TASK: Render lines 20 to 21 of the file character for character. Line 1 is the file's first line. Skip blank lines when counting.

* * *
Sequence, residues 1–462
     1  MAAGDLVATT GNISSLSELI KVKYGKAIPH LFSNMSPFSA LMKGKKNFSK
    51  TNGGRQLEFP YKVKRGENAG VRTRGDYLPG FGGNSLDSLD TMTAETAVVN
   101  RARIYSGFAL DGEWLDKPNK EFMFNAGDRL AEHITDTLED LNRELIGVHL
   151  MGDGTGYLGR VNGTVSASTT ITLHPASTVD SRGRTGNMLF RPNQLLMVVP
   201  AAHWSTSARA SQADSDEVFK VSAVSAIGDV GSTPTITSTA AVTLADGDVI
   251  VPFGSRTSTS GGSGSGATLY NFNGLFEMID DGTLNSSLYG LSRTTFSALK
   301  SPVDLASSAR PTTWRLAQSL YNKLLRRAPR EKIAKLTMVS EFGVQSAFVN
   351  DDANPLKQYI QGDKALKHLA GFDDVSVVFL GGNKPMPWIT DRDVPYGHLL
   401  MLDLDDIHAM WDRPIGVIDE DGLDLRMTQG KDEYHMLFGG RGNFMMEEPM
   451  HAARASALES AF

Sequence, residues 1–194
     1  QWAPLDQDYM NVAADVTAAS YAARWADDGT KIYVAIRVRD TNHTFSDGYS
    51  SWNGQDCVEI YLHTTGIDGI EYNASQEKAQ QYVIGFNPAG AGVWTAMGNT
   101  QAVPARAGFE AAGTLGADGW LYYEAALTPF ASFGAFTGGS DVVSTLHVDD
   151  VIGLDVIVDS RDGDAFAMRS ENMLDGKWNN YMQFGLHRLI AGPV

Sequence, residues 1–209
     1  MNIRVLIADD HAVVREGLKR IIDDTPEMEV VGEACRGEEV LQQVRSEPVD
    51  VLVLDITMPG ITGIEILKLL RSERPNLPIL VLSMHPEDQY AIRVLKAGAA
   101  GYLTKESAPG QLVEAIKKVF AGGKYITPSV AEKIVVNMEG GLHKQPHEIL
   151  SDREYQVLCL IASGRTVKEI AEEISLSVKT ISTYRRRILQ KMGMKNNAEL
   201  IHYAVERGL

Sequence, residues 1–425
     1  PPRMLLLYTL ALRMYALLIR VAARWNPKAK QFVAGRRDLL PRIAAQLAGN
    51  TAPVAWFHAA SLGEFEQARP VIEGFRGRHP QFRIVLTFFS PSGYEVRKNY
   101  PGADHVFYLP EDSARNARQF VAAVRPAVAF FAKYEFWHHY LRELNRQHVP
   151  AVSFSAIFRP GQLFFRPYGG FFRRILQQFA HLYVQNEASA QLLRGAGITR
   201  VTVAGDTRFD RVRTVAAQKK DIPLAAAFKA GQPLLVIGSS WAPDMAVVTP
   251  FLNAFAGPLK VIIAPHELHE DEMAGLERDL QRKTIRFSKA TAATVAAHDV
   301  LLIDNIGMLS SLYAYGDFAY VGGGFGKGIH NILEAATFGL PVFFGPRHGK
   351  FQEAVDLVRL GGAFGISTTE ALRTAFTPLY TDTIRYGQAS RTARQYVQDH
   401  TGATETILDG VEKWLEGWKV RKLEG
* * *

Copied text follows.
   101  GYLTKESAPG QLVEAIKKVF AGGKYITPSV AEKIVVNMEG GLHKQPHEIL
   151  SDREYQVLCL IASGRTVKEI AEEISLSVKT ISTYRRRILQ KMGMKNNAEL